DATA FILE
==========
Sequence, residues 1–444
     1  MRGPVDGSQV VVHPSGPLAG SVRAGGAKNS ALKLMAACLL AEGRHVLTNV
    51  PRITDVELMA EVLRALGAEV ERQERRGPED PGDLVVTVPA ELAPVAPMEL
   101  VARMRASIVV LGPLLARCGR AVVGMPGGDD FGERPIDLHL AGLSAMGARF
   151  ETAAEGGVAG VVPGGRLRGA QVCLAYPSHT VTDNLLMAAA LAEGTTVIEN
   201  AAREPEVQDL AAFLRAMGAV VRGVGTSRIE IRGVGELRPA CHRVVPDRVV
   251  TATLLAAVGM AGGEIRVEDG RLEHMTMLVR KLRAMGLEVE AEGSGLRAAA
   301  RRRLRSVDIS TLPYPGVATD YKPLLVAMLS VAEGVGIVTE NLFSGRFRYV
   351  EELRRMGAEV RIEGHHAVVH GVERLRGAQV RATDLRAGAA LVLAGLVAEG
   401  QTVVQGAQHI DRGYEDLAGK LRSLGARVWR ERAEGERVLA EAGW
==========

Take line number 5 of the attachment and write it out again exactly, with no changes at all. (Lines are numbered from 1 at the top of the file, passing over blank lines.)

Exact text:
   151  ETAAEGGVAG VVPGGRLRGA QVCLAYPSHT VTDNLLMAAA LAEGTTVIEN